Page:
Seven Pillars House of Wisdom > Reviews > Food for the Gods: New Light on the Ancient Incense Trade

Food for the Gods: New Light on the Ancient Incense Trade

Peter Lamborn Wilson

If you’re very very interested in the history of incense and have $70 to spend on your obsession, you’ll want this book, a collection of essays on the subject emphasizing the “Roman” period of the incense trade (circa 1st century BC to 2nd century AD). The gist is this: frankincense and myrrh come only from Arabia Felix, cannot be cultivated elsewhere (except Somalia), have been harvested by the same people in the same way for 5000 years, and marketed internationally since at least the Bronze Age. But the golden era of the trade began with the Hellenistic Greek sailors who discovered the monsoon winds of the Red Sea, so that they were able to sail direct from Egypt to India. A triangular trade arose, in which the West spent its gold on Eastern treasures (SW India was a depot for the Asian and Chinese trade in spices, silk, etc.), with incense going both ways, to be consumed in vast quantities in the temples of all religions (except early Christianity, which poopoo’d incense as “pagan” till about the 4th century, despite the Three Magis’ gifts to baby Jesus).

Nearly all the essays collected here mention the Periplus of the Erythraen Sea (by Anon., in this case a 1st century Greek sailor), a kind of guide book to the Red Sea monsoon passage ad the markets of Egypt, Arabia, Africa ad India, one of Antiquity’s most useful books, and still one of the very few sources for understanding cultural exchange along this oceanic version of the Silk Road. Yogis and Buddhist monks visited Alexandria; Greek philosophers visited India; all quite impossible without the Periplus – and the frankincense trade.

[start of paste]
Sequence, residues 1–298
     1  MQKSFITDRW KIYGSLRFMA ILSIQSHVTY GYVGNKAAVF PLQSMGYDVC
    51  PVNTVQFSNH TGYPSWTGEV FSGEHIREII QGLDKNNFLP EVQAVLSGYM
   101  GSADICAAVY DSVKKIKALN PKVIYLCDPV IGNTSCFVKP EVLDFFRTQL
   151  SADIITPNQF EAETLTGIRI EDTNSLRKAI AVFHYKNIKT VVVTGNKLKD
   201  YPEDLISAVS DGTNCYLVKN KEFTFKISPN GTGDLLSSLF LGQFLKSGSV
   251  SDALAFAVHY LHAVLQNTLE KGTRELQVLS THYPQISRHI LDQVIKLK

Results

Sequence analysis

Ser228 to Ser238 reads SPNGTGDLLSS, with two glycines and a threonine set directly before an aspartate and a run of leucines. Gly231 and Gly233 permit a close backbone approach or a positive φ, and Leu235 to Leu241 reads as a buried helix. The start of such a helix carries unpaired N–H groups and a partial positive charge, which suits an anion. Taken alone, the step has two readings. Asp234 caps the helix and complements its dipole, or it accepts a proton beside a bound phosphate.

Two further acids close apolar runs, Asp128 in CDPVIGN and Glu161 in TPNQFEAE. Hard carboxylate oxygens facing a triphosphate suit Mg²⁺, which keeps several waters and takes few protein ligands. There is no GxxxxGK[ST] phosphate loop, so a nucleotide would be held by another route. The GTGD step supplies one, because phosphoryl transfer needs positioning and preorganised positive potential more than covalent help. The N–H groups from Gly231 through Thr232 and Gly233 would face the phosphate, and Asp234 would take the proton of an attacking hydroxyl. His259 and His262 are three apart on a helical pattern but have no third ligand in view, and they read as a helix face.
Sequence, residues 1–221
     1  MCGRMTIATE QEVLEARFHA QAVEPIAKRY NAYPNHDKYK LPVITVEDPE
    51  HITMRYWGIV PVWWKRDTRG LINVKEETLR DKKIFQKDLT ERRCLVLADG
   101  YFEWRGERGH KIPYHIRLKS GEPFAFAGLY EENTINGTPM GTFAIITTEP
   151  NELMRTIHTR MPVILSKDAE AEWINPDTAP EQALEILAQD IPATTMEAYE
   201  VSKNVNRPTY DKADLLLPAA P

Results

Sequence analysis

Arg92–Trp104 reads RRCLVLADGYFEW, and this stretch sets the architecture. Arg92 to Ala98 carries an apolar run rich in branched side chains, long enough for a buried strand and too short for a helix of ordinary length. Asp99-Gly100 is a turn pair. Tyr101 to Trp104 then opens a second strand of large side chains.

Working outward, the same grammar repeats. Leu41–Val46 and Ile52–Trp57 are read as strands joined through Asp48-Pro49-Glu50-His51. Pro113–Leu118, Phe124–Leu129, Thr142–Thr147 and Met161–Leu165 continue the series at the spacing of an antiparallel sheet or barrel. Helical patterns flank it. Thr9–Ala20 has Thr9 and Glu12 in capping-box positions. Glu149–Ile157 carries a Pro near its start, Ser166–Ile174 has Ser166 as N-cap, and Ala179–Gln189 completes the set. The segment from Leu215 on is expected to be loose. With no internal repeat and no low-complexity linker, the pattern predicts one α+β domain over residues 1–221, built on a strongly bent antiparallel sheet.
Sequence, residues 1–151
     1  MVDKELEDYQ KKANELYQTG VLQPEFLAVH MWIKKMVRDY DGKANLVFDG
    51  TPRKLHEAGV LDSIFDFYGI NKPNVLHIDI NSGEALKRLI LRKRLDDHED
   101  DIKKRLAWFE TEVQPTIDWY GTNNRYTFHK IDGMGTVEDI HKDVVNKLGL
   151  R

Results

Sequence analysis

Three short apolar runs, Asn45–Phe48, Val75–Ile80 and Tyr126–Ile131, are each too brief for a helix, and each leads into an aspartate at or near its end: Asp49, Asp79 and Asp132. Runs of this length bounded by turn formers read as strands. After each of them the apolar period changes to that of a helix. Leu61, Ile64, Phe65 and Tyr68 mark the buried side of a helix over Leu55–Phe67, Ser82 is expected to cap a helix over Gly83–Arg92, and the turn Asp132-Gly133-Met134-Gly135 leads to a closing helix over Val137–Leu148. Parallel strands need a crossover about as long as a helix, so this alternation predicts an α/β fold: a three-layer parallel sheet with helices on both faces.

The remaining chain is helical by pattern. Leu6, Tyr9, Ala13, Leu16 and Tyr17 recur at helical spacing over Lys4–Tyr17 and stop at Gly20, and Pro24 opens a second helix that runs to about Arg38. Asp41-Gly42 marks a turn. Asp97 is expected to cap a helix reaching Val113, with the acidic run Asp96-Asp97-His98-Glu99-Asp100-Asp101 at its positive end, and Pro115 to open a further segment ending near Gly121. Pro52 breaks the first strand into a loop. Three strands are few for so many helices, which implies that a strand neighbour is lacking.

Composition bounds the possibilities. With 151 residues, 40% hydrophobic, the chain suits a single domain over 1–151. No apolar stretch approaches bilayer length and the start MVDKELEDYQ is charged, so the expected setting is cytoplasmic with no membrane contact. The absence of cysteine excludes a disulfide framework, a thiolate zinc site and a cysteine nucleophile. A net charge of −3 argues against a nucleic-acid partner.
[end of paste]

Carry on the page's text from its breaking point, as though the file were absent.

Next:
I especially liked A. Sedov’s archeological paper on the lost incense city of Qana’; Gupta’s analysis of the triangular aromatics trade; and Myra Shackley’s info-rich piece on frankincense today. (Is this the same Myra Shackley who wrote the crackpot masterpiece, They Live, on Neanderthal survival in the modern world? If so, she has reformed and become an Angelic priest and expert on incense.) The text on basalt used as ships’ ballast in the Roman incense trade (by the editors of the volume, with S. James) is, pardon me, a bit heavy. Joanna Bird’s essay on frankincense in Mithraic ritual is pleasingly obscure. Altogether, books like this induce or exude a kind of soothing boredom which is rare and precious as, well, as frankincense or myrrh.

Food for the Gods: New Light on the Ancient Incense Trade
David Peacock and David Williams, ed.
Oxbow Books, 2007
ISBN 978-1842172254

Peter Lamborn Wilson is a writer, essayist, translator and poet who formerly taught at Naropa University’s “Jack Kerouac School of Disembodied Poetics” and has published numerous books and articles on hermeticism, anarchism, Sufism, pirate utopias, and neopaganism. His books include Drunken Universe: An Anthology of Persian Sufi Poetry (with N. Pourjavady) and Green Hermeticism: Alchemy and Ecology.

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28 January 2009

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